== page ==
By Jeffrey Bailey, D.M.D.
At some point in nearly every child’s life, the question of braces arises. For many kids, braces are a sign of adolescence, a rite of passage into adulthood. As kids approach this important milestone, they often become anxious (and insistent) that it’s time for braces.
Parents too can become antsy around the subject of braces. We want our children to have beautiful, healthy smiles and the sooner, the better! But there are two schools of thoughts on the timing of braces.
One approach is to tackle orthodontia in two stages. This means starting very early, sometimes as young as the age of 6 or 7. The thought is that children’s bones are more malleable at this age, and beginning intervention now will make future correction easier and quicker.
The more traditional approach, and the one I follow, is to start orthodontia when the child is ready. By “ready,” I mean most of the adult teeth have come in and jaw growth and development are nearly complete. The timing of this varies from child to child. Some kids reach this point as young as 10; others aren’t there until age 14. Further, it has been my professional experience that some of the problems early intervention is designed to correct resolve on their own, given time. This approach provides perfectly fine results with less expense (and hassle) for the parents.
That’s not to suggest one should ignore dental issues until age 11. Indeed, I recommend parents bring very young children with them to their own dentist appointments and start the child’s trips to the dentist within six months to a year after their first teeth erupt. These first appointments are pretty simple and easy, but they help kids establish trust and good dental habits early.
It’s also an opportunity for parents and dentist to talk about the child’s dental development, begin the conversation about orthodontia, and address any developmental concerns. If we see something serious starting to develop, we can take steps to address it.
The American Association of Orthodontists recommends that children see an orthodontist at age 7. For some, this will be their only orthodontia visit. For others, a recommendation of watchful waiting may be given. In any case, this appointment isn’t likely to result in braces, but it can help to determine the course of future treatment.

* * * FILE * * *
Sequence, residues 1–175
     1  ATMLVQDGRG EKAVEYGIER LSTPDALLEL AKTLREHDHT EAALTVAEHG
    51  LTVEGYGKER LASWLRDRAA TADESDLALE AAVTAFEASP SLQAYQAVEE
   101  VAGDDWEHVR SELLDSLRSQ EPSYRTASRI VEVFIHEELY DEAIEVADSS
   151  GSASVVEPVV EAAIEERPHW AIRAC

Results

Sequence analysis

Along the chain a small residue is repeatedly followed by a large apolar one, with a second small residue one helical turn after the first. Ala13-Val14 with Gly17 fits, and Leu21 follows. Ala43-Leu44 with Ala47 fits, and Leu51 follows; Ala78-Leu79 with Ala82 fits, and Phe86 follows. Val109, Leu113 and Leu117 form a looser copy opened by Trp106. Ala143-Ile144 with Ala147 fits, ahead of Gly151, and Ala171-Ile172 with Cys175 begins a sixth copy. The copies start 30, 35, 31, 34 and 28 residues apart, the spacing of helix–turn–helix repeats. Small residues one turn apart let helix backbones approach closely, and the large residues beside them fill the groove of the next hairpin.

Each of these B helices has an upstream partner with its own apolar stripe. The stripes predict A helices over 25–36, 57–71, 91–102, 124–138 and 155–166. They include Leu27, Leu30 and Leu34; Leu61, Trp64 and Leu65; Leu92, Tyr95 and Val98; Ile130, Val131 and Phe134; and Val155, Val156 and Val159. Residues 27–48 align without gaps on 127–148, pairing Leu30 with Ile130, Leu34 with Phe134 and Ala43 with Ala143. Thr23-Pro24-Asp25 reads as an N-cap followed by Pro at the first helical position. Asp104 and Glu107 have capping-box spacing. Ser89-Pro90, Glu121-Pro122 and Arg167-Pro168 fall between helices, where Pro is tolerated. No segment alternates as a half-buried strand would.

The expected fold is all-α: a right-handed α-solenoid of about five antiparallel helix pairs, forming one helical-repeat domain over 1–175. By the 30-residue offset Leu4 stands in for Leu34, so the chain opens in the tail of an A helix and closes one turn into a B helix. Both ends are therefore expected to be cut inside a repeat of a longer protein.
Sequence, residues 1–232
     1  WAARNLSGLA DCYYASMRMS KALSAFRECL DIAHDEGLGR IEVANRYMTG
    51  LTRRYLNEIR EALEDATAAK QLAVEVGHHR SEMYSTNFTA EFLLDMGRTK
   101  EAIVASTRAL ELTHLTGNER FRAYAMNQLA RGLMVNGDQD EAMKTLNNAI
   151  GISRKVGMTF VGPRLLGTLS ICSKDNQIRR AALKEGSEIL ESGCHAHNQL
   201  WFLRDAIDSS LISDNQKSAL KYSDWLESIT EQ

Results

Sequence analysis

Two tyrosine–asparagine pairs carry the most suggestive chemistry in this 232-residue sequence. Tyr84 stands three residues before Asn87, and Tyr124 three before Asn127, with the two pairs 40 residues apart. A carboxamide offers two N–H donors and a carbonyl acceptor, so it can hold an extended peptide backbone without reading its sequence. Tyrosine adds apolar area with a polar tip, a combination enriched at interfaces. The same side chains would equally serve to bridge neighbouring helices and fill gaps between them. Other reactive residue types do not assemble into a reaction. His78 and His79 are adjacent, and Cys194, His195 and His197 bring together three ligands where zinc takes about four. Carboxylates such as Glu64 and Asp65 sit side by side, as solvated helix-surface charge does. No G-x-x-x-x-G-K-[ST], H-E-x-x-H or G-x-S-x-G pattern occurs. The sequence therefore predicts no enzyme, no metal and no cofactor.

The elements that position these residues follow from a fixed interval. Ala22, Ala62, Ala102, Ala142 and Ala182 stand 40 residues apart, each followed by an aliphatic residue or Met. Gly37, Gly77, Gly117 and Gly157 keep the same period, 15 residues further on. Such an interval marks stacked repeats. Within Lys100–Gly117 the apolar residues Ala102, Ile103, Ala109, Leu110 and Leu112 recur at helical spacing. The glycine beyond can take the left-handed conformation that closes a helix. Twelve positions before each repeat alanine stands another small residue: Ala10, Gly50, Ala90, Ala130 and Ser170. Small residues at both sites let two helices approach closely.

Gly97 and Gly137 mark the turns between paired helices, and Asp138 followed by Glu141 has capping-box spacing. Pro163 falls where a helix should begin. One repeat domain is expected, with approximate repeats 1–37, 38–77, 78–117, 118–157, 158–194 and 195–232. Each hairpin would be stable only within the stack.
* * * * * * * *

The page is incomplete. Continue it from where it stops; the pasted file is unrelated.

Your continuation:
Watch out for “bad bites”
As your child matures from infant to toddler, from toddler to child, and pre-adolescent to teen, there will be a lot of changes along the way. I recommend parents watch for – and talk to the child’s dentist about – what are commonly called bad bites. Or, as we know them in dental speak, malocclusions. Malocclusions come in many forms, but here are some of the most common:
• Crossbite of the front teeth: The front teeth on top are behind the bottom teeth when the mouth is closed.
• Crossbite of back teeth: The rear teeth on top are behind the bottom teeth when the mouth is closed.
• Crowding: Teeth are turned or crooked because there isn’t enough room in the jaw to accommodate all of the teeth.
• Open bite: The front teeth (top and bottom) don’t fit together when the back teeth are closed.
• Protrusion: The top front teeth stick out.
• Deep bite: The top front teeth completely cover the bottom front teeth and may even cover part of the gum.
• Underbite: The lower teeth sit in front of the upper teeth when the back teeth are closed.
• Spacing: There are large gaps between teeth, especially common for the front top teeth.
Other issues to be aware of that may indicate potential dental problems include late or early loss of baby teeth; problems with chewing or biting; mouth breathing; jaws that move, shift or click; speech difficulties; biting the inside of the mouth (roof, cheeks); and grinding or clenching of the teeth. If your child experiences any of these, be sure to mention it to their dentist at the next visit.
A dentist with an emphasis on orthodontia, Dr. Bailey has been improving smiles for the people of West Liberty and surrounding areas since 1993. He holds a doctorate of medical dentistry from the University of Louisville. Dr. Bailey’s office is located at 629 Main St., West Liberty. New patients are welcome. Please call (606) 743-3200 for more information or to schedule an appointment.